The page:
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Muse: The Second Law experiments and shreds with new electronic dance styles while holding onto musical roots

During this year’s Olympics you probably heard that theme song playing. A lot. That song was one done by Muse, called “Survival.” And since July I’ve been wondering just what the rest of their new album would sound like: will anything the band does ever top Absolution? Well, maybe. If you’re willing to accept the experimental variety The 2nd Law offers.

I’m happy to say The 2nd Law won’t disappoint in any way. The first song “Supremacy”—a sort of symphony that sounds a bit apocalyptic—all the way to the electronic dance music, almost dubstep-sounding (don’t worry, not like Skrillex!) songs like “Madness” and “Follow Me”; the way Muse mixed and blended together the new album rings well on the ears, and you’ll probably find yourself replaying a few of the songs over and over again.

There are even some 80s-sounding tracks, my favorite being “Panic Station,” which is an interesting mix alongside the overall electronic vibe I got from most of the songs. In “Survival” you even get a Queen-like sort of feel in the two-part opera rock melody that quietly turns from snapping fingers and a cappella to a breakdown of serious guitar riffs and choir chants—again, sounding like it should soundtrack the end of the world.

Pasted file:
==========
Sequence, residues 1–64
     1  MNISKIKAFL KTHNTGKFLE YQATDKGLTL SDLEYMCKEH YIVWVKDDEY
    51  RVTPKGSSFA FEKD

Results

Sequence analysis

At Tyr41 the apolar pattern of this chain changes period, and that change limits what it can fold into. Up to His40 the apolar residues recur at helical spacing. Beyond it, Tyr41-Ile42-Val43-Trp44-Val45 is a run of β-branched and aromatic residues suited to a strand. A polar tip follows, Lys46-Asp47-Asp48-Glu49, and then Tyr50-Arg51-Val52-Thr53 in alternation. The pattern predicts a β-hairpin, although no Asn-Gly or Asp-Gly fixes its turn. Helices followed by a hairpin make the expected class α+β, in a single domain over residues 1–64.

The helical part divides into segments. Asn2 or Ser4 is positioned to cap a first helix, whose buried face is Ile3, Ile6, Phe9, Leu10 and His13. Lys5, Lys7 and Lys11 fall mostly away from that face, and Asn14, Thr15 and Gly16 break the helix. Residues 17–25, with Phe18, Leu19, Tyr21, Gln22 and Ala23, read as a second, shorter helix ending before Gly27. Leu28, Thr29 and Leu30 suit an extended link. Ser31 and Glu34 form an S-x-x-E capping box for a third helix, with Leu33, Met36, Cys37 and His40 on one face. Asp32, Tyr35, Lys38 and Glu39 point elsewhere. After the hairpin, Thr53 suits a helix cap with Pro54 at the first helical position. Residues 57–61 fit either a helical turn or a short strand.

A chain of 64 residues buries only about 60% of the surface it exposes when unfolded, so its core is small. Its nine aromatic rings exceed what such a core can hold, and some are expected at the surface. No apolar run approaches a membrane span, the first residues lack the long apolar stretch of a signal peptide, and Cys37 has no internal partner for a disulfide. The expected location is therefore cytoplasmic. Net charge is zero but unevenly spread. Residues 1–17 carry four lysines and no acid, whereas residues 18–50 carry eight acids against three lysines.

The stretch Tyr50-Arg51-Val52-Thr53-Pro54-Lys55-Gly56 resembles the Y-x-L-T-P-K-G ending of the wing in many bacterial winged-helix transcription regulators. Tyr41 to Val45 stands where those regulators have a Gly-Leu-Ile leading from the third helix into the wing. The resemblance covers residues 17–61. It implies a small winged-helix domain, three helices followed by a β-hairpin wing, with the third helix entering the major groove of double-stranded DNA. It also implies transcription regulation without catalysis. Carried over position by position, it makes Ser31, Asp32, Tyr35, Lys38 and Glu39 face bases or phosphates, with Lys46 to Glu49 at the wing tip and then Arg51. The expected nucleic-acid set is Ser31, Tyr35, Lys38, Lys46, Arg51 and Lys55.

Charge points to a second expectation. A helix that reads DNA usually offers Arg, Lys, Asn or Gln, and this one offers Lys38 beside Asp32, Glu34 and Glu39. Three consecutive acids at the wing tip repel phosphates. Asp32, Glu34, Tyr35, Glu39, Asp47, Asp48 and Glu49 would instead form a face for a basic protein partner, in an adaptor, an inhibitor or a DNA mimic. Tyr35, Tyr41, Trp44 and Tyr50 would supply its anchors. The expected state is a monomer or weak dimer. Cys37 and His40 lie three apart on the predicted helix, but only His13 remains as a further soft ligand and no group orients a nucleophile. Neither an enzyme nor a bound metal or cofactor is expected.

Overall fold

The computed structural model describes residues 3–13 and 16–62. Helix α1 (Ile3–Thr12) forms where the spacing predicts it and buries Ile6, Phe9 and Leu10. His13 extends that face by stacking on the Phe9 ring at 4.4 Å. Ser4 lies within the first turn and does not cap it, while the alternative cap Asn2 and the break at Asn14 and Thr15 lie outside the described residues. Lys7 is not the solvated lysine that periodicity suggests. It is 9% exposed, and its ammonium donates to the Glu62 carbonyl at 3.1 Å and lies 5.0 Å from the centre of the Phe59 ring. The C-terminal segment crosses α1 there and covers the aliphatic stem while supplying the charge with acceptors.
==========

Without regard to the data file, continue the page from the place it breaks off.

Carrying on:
Just like Absolution was coordinated in an album of connective sounds, The 2nd Law threads together quite nicely, with a lot of two-part songs. I guess not everyone is into the whole dubsep thing; some out there might see this move as an “easy way out,” or a quick way to appeal to the somewhat dubstep-obsessed audience, but I think it’s actually ballsy move from the group whose set the bar pretty high as far as contemporary rock goes, showing that they can throw some dubstep in there without sounding like straight up Skrillex.

The 2nd Law holds onto previously used styles on albums such as The Resistance; the orchestrations and vocals, along with the obviously expected guitar rhythms are notably Muse-like, but it’s in the experimental songs that steer away from previous styles do we get the real exciting stuff.

(source: First For Music News)

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Kaitlin Duffy is a writer from Cleveland. When she's not blogging or pondering the great complexities of the world and outer space, she is finding rare vinyl steals, visiting new places, laughing often, Instagramming everything in sight, watching movies, or working on her first feature Port de Cleve.